Monday, September 19, 2011
Butternut Squash Ravioli with Sage Browned Butter | Fall Entertaining
You might remember a few short days ago when I said that I really don't get excited aout butternut squash. Well, that was before I had had it mixed with parmesan cheese, stuffed in ravioli and smothered in sage browned butter.
Turns out... I do like butternut squash. Butternut Squash Ravioli, at least. We both loved the subtle sweetness of the squash mixed with the creaminess of the parmesan cheese and gentle spice of nutmeg. The Sage butter was the perfect compliment - you don't need much of a sauce with such a bold ravioli.
Please, do not be intimidated by making homemade ravioli - it is so easy, I promise! All you need a rolling pin or this easy hand-crank Pasta Machine from Williams-Sonoma. If you absolutely do not want to attempt the homemade ravioli, use the filling and stuff it into giant shell pasta and serve it with the sauce drizzled over.
Visit my Fall Dinner Party Post for a complete Menu, Table Setting & Tips for an easy, casual Fall Dinner Party.
I am thinking Caramel Apple Dumplings with Cinnamon Ice Cream for dessert, for sure.
Back to the Butternut Ravioli...
You can see the tiny flecks of nutmeg in the squash filling. The Sage and Nutmeg made my kitchen smell sooo good - it smelled like Fall!
Butternut Squash Ravioli
a new fall favorite
New! Printable Recipes, here.
1 pound of Butternut Squash
1/4 cup of parmesan cheese, grated
1/4 teaspoon of nutmeg
salt & pepper
1 recipe of Homemade Pasta, rolled into sheets (below)
1 stick of butter
10-12 sage leaves
Begin by cutting the squash into cubes and placing them on a baking sheet. Coat them with olive oil, salt & pepper. Roast the squash at 425 degrees for 25 minutes until it is tender. Put it in a bowl and mash it with a fork. Add parmesan cheese, nutmeg and salt & pepper, if needed.
Place tablespoons of the filling down the center of the pasta dough that has been rolled into long sheets. Brush the dough around the filling with water, then fold the dough over lengthwise (making the filling of each ravioli be on one side, surrounded by dough on three sides. Cut the ravioli apart.
Heat a large pot of water for the ravioli.
For the sauce, melt the butter in a sauce pan. Add sage leaves. Cook on medium-low for 2-3 minutes, just until the butter starts to brown. Remove from the heat and set aside.
Cook the ravioli in the boiling water for 2 minutes, until it is floating. Remove from water and add directly to butter sauce.
Pasta Machine and doing the rolling out.
We got this old fashioned pasta roller and cutter after our honeymoon in Italy - we came back hungry for homemade pasta! I bought the hand-crank style because I thought the KitchenAid pasta roller attachment was too much of an investment, not knowing how much we'd use it. However, I have found that this hand roller pasta machine is no trouble at all - very easy to use!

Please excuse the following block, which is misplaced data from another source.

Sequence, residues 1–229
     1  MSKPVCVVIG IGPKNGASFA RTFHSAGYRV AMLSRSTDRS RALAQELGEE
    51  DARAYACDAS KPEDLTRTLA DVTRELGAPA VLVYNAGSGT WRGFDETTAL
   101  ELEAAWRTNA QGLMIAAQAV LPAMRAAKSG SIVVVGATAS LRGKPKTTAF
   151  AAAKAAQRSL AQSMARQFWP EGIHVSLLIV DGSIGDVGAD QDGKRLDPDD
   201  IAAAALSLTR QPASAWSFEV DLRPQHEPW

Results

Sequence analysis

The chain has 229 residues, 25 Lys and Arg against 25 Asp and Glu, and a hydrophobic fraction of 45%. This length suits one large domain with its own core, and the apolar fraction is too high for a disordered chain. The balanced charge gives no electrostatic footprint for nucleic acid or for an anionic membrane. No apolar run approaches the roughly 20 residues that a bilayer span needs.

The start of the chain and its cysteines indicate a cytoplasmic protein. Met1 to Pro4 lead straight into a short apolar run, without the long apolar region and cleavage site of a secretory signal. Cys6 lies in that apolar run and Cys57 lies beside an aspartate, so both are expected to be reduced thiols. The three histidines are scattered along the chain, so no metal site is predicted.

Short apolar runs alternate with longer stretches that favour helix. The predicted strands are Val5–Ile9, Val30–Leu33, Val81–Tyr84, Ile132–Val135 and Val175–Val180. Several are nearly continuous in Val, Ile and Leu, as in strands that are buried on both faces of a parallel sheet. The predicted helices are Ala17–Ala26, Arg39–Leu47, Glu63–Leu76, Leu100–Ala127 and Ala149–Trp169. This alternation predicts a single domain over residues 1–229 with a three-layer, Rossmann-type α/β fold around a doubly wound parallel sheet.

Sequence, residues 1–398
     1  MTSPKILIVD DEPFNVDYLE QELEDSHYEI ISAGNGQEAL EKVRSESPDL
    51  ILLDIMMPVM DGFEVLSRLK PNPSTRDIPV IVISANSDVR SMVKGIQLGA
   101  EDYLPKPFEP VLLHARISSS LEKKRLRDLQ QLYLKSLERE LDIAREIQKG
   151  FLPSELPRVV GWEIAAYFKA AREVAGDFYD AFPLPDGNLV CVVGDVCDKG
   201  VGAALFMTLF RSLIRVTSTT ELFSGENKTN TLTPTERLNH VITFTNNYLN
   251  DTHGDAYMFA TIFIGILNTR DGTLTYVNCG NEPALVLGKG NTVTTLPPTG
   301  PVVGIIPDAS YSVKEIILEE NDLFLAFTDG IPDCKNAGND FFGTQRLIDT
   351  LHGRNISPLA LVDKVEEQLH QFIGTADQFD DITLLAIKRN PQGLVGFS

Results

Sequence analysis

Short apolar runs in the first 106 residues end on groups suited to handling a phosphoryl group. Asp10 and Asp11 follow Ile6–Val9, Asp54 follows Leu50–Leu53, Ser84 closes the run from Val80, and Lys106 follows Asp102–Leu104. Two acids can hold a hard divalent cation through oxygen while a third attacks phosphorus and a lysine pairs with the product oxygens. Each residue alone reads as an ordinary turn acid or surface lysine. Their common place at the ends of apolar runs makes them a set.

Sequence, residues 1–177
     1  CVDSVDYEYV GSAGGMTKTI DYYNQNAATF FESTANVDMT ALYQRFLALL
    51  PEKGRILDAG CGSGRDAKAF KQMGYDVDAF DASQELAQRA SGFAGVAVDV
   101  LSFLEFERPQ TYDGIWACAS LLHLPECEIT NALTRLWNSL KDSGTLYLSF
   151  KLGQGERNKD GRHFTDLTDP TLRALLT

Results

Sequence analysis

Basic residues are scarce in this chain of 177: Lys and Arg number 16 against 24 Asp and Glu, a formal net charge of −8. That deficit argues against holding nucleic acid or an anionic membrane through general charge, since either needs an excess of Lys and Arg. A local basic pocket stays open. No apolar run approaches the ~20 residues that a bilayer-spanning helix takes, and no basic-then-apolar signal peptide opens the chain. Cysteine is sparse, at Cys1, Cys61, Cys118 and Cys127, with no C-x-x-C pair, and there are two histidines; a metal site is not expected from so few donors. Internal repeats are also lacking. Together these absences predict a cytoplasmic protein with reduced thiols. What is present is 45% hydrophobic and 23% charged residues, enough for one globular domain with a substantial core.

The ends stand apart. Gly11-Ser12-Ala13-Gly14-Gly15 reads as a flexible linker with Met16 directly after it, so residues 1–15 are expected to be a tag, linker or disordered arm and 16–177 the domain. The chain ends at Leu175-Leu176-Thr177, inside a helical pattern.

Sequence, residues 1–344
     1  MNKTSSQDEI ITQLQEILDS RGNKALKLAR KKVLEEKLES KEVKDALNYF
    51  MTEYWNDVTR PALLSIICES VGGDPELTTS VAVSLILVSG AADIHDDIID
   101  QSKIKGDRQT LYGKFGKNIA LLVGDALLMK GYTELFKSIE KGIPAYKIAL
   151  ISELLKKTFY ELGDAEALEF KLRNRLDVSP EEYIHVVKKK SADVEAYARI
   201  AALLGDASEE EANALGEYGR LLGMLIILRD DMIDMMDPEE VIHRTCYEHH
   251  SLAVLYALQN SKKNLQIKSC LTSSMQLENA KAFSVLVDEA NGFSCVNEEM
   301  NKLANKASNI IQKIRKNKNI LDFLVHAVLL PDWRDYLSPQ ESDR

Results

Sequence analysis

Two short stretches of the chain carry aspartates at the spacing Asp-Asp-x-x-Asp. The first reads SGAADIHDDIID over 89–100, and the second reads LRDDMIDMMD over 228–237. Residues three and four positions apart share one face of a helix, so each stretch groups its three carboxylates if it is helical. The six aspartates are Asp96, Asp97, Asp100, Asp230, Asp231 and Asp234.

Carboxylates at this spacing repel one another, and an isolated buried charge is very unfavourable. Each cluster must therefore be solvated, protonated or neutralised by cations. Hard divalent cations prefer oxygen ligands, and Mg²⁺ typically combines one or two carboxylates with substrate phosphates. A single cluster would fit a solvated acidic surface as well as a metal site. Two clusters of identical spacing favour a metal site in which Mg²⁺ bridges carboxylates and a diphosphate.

Put tablespoons of the filling down the middle of the long strips of dough. Space them about 2-inches apart.
Fold the dough in half length wise over the filling and pinch down over the filling getting rid of air bubbles. Cut the ravioli into pieces. Homemade ravioli shouldn't look perfect - any shape is fine!
For the sauce, melt the butter on medium low, then add sage leaves. Cook for 2-3 minutes until the butter starts to brown. Remove from the heat immediately.
Homemade Pasta Recipe
easier than you think!
2 cups of flour
Start with a KitchenAid mixer fitted with the dough hook. Dump in the flour, then top with the eggs. Put the mixer on medium and let the ingredients roll together until they form a ball.
*You may need to add a little bit (1-3 tablespoons?) of water or flour if the dough is too wet or too dry. After a ball is formed, let the dough 'knead' on low-medium in the mixer for 5-7 minutes until the dough is elastic. Cover it with plastic wrap and let it sit for 20 minutes.
When it is finished kneading, turn the dough out onto a floured board and kneed it by hand a couple of times.
From this stage, you can roll it out by hand with a rolling pin (or bottle of wine!), or put it through a pasta rolling machine. Either way is pretty simple. I've recently invested in this pasta machine that was very inexpensive. If you plan to make a lot of pasta in the future it can make things a little easier.
By Hand : Roll the dough, flipping it, folding it and rolling it until it is about 1/8 of an inch thick. Cut it into 1" pieces with a knife, or a pizza wheel. After cutting, you can cook it immediately, or let it dry on a baking sheet sprinkled with flour too keep the dough from sticking.
With Pasta Machine : Separate the dough into 6 pieces. Flour the machine and dough well to keep it from sticking. Feed it through the rolling/flattening part of the machine starting on the largest setting and progressing to a smaller setting each time you feed the dough through. I find that flouring it each time helps to keep it from sticking. After it has gone through the smallest (or 2nd to the smallest) setting, lay it flat. It is ready to but cut into any shape or used for ravioli!